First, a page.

Cameroun : la liberté de la presse mise à mal - voici comment y remédier.
published in 2023
Aim: Examine and Analyze the binding international obligations that Cameroon has signed up for in relation to journalistic safety, freedom of expression, and the press. I also examine measures that can mitigate the risks and violence faced by journalists, drawing lessons from the brutal killing of Martinez Zogo. Questions: Why was Martinez Zogo abducted and assassinated? What measures can be taken to improve and/or mitigate the risks and safety challenges faced by Cameroonian professional journalists?
One of the most dangerous and perilous things journalists can do is to cover or report on conflict, abuse of power and unbridled corruption in their home countries. Martinez Zogo was deliberately targeted for using his radio show to expose corruption and illegal practices involving public figures. Martinez named all those suspected of wrongdoing. This earned him the fury and repressive hammer of those he exposed.Even in highly democratic societies like Europe, investigative journalists like Martinez Zogo are under attack. Peter R. De Vries, a well-known Dutch investigative journalist and court reporter, was shot in the head in Amsterdam. He succumbed to his injuries on 15 July 2021. Greek organised crime journalist Giorgos Karaivaz was shot dead in broad daylight in Athens on 9 April 2021. Daphne Caruana Galizia, a Maltese writer, blogger, journalist and anti-corruption activist, died near her home when a car bomb exploded. Some 20 journalists are currently living under permanent police protection in Italy.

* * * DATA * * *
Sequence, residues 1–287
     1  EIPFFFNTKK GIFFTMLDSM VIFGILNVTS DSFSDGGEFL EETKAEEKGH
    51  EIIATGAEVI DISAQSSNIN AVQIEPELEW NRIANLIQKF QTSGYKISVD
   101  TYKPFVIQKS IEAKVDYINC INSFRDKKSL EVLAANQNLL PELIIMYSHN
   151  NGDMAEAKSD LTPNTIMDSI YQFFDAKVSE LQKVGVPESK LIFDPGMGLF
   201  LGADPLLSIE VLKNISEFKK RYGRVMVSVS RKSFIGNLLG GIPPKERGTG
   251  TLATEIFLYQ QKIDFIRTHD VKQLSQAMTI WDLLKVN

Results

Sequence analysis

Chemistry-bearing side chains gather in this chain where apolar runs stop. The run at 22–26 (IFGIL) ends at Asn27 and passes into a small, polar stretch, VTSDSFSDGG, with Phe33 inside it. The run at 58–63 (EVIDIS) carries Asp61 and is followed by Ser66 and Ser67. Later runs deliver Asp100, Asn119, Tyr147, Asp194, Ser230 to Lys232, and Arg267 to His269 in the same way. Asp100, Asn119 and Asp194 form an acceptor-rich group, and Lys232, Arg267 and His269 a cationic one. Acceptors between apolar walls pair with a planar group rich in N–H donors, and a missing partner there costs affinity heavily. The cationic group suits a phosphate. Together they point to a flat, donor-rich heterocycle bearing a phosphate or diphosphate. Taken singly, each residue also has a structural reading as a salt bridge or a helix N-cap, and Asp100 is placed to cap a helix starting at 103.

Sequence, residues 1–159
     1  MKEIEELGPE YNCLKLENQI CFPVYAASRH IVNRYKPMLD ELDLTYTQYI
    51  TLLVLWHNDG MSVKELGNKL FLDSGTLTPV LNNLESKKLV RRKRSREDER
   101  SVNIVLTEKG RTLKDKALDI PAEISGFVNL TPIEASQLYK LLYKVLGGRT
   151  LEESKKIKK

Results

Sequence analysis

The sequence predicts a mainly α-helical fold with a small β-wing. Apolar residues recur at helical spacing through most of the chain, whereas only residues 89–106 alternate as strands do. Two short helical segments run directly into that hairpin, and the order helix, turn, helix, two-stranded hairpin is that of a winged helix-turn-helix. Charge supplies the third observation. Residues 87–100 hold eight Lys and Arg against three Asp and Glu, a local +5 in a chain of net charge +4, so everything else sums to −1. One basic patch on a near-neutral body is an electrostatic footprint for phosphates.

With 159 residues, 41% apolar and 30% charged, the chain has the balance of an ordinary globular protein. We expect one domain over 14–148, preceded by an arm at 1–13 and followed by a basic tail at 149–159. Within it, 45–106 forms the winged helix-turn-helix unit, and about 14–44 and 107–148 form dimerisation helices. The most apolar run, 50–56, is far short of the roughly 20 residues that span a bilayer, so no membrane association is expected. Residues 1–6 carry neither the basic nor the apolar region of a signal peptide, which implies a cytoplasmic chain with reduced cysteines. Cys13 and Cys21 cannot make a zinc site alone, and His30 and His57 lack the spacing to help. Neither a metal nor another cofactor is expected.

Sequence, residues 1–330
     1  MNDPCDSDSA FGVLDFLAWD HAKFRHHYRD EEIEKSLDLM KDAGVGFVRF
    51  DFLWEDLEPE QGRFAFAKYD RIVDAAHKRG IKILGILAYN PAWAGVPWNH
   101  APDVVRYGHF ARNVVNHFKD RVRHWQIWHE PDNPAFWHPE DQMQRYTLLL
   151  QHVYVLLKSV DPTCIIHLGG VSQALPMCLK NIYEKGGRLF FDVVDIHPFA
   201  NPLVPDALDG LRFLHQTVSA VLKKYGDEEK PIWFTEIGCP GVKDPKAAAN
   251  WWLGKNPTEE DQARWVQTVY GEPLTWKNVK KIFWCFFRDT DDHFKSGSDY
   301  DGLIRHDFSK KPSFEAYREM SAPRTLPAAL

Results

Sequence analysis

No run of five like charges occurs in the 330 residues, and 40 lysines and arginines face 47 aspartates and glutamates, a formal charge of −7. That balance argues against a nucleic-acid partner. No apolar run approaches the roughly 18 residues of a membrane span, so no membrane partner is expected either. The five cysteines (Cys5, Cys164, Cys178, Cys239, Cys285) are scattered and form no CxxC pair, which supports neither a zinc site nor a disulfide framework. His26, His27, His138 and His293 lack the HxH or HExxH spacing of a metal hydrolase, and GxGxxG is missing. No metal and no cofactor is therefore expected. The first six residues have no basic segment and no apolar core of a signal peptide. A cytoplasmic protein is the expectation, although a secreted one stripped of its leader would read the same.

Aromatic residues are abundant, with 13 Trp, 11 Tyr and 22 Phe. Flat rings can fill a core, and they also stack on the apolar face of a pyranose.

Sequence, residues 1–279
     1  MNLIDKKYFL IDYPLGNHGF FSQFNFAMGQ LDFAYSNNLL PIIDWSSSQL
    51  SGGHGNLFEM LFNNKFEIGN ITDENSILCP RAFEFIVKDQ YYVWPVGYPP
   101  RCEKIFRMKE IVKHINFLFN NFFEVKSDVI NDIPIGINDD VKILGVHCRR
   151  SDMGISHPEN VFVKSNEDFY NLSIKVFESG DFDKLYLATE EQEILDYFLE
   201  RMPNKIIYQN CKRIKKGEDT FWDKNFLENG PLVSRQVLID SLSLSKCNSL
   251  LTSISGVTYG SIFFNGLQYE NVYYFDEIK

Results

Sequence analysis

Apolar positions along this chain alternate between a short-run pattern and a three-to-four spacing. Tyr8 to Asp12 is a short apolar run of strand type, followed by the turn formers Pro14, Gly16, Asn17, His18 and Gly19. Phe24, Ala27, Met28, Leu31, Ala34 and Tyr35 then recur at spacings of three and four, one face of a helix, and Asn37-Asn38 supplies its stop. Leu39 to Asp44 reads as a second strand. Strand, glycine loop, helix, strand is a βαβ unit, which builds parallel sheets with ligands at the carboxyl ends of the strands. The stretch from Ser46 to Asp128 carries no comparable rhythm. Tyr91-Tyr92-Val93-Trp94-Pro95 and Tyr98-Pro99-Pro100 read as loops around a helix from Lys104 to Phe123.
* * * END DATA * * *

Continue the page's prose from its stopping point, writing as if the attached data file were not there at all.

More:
Respect its international obligations regarding the safety and protection of journalists; Strengthen protection measures for journalists and other media professionals, especially those working on issues related to organized crime and corruption. Thoroughly investigate crimes committed against journalists who are victims of organised crime, to ensure that those responsible are brought to justice. Intensive safety training programs are also needed to ensure the safety of journalists during demonstrations, conflicts, and wars. Media organizations, NGOs, and government agencies should ensure that regular safety training programs are available. For example, employers and newsrooms can provide safety training for reporters and news teams, including evasive maneuvers and the development of a standard safety response plan. It is also essential to address psychological safety training (trauma recognition and self-help techniques). Journalists should be constantly insured and provided with physical security, i.e. equipment such as bullet-proof waistcoats, helmets, first aid kits, etc. Government, employers, and newsrooms should provide private security, permanent police, or protection for news crews and journalists. The need for greater solidarity to ensure the safety of journalists across national borders should be emphasized. Cross-border cooperation and collaboration, including the sharing of information, prevention techniques, and strategies, best practices with investigative journalists and newsrooms, could help combat or mitigate the culture of impunity against journalists in Cameroon. A national committee for the protection and safety of journalists should be set up. This committee should be composed of representatives of the government, journalists, law enforcement agencies, the judiciary, and civil society. The main objective of the committee should be to work together to ensure that journalists in Cameroon work in an environment free from threats and violence.